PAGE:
Human psychology being what is, however, the experience of being shamed is likely to only strengthen Sanders’ commitment to her job. And the problem for the people cheering on the restaurateur and saying, with Maxine Waters and a slice of left-wing Twitter, that you ain’t seen nothing yet is that the same goes for voters generally. One can find the individual decision not to cook a meal for a Trumpista defensible or even admirable, but a general surge of activist harassment of Trump officials at restaurants or movie theatres or wherever is likely to only harden the president’s support, while delivering little tangible benefit to the cause of removing him from office.
This is not because there exists some God of Civility who automatically punishes movements that stray from some set of David Gergen-approved rules of polite debate. An effective protest politics is often necessarily impolite, necessarily confrontational, necessarily willing to risk backlash from “whoa, slow down” moderate types in order to clarify the stakes.
But to mitigate the effects of backlash, an effective protest politics also needs to make sure the acts of protest are clearly linked to the evil being protesting, and that they set up scenarios where the person being protested, not the protester, comes out looking bad.
Thus in the civil rights era, the sites of protest — lunch counters, city buses — were carefully chosen to make segregation look at once evil and ridiculous, and the protests were calibrated to make it plain that the police officers and vigilantes enforcing the institution were the bad guys. The Rev Dr Martin Luther King Jr was no plaster saint of civility or centrism, and he was often willing to earn a reputation as a disturber of the peace. But he still chose his disturbances strategically, which is why the images on American television screens featured Southern Christian Leadership Conference activists sitting peacefully in lunch counters or facing down attack dogs — rather than, say, turning Lurleen Wallace out of her favourite restaurant.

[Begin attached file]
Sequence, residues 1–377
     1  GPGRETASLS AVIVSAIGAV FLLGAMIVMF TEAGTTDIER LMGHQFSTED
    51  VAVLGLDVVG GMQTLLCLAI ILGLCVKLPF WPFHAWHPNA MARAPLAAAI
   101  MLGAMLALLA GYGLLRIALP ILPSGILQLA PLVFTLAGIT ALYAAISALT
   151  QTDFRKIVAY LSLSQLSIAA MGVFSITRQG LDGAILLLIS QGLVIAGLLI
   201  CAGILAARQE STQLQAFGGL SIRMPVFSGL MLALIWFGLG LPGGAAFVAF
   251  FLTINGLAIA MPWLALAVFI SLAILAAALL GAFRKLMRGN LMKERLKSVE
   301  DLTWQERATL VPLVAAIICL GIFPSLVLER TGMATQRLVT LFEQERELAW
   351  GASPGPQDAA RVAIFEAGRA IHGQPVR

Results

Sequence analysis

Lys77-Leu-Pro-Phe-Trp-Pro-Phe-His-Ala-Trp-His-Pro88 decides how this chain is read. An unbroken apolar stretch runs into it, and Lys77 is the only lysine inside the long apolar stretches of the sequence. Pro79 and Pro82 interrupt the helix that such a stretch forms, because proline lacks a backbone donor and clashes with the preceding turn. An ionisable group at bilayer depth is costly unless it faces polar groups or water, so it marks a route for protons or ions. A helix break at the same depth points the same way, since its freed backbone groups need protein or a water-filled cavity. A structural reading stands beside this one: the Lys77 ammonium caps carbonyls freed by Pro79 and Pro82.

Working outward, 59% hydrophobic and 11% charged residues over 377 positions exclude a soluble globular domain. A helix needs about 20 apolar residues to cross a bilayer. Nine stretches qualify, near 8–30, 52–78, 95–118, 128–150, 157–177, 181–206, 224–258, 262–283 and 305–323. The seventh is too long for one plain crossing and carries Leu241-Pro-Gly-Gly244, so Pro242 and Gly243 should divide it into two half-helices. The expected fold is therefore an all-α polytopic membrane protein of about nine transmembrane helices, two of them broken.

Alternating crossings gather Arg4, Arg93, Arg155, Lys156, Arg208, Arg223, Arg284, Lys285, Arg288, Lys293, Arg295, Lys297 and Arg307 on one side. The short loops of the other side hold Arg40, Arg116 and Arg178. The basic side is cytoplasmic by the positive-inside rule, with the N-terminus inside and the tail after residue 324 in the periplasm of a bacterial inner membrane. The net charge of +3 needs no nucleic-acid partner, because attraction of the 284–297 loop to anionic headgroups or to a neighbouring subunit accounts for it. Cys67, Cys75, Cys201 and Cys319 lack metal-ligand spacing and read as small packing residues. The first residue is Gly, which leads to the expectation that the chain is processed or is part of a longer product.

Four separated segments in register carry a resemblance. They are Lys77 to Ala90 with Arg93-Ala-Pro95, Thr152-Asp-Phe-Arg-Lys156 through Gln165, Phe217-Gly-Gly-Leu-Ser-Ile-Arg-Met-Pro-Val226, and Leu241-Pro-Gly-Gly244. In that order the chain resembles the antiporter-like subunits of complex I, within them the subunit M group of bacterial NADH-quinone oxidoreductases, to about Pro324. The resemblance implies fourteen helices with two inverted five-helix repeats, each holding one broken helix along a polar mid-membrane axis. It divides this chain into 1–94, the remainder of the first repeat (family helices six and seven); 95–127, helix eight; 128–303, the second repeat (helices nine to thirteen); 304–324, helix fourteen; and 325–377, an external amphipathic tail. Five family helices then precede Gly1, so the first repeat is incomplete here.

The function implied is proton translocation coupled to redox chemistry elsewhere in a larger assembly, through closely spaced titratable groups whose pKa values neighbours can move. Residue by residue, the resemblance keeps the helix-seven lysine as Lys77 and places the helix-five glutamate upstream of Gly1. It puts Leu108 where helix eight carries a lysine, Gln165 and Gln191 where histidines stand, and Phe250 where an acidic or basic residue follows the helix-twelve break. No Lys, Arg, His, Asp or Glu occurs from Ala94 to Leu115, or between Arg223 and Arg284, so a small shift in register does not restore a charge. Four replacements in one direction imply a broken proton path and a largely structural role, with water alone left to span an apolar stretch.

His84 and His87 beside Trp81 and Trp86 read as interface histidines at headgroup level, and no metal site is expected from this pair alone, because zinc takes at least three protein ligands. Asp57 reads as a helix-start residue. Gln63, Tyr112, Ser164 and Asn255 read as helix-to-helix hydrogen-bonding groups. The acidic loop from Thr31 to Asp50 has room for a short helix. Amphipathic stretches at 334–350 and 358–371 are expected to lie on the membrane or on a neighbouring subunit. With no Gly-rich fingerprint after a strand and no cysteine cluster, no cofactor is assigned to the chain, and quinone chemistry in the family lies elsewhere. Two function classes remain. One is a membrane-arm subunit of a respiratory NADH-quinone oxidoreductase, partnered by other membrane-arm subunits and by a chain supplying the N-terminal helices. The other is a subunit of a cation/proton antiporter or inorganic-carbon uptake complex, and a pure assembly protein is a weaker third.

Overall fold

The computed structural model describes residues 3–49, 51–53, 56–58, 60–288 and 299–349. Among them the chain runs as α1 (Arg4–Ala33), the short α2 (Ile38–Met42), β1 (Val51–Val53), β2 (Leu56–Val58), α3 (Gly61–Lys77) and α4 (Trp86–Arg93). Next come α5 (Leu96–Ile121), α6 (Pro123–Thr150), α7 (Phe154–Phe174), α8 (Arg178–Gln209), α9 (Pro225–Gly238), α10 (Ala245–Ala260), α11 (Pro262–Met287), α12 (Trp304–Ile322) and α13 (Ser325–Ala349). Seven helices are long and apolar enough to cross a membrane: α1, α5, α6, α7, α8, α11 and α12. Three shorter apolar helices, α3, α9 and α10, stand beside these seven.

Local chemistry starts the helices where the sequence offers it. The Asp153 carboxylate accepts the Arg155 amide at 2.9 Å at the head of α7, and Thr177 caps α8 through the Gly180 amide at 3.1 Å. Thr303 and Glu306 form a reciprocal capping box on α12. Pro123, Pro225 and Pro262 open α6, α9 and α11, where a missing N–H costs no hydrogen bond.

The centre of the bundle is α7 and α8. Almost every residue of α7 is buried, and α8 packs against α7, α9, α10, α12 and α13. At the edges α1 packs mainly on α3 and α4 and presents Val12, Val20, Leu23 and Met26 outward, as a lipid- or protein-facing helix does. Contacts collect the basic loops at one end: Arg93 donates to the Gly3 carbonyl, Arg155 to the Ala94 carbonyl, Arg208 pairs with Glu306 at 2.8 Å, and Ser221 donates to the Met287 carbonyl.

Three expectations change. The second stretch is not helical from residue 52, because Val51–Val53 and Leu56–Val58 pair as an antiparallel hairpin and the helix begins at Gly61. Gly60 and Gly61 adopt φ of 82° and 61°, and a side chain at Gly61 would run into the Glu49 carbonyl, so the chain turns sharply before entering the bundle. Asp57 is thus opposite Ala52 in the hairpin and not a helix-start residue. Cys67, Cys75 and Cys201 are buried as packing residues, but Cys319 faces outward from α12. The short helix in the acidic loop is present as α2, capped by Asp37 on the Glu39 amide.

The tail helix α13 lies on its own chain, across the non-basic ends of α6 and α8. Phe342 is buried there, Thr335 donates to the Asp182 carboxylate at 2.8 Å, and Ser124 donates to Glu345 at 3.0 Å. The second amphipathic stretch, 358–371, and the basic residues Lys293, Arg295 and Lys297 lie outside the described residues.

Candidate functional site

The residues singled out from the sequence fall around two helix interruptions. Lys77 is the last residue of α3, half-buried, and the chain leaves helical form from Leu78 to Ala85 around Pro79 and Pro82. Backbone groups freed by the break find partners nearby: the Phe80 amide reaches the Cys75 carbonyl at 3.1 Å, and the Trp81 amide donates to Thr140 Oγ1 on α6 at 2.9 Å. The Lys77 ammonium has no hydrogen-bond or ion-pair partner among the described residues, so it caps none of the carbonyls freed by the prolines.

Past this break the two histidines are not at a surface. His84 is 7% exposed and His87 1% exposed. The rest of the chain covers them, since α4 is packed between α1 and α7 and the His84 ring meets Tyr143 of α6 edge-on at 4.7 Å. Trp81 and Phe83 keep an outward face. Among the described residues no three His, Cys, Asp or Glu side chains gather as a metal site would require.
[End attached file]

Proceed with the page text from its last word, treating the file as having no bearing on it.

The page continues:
What this example implies for anti-Trump activists is not that they should abandon protest politics, but that they should do everything possible to keep those protests focused directly on the places where the administration’s policies look worst — meaning at this moment, obviously, the separation of children from their families along the border. And many activists are doing just that, to their credit — which is part of why the Trump White House felt compelled to back down, however partially and temporarily, from its cruel version of deterrence.
But these efforts are not likely to be helped by set pieces staged far from the border in which (mostly female, so far) Trump officials come off looking like the victims. The central political problem for the Resistance, at the moment, is that they see the Trump administration as self-evidently authoritarian and perhaps even trending Nazi-ward, while much of the country dislikes Trump and opposes many of his policies but just doesn’t see that same scale of existential danger. In that environment, every time the headlines focus on something unusually bad the Trump administration is doing, the Resistance stands to gain. But it stands to lose, bigly, when it’s the people calling Trump a Nazi who seem to want a conflagration.
Of course some of the people pushing for direct action sincerely believe, no less than the Trump voters who imagined themselves charging Flight 93’s cockpit, that conflagration is inevitable and history will be hard on people who grabbed a torch too late. And we do have some historical examples where this attitude was prescient. We just have more cases in which people who embraced it ended up setting their own cause alight.
© 2018 New York Times News Service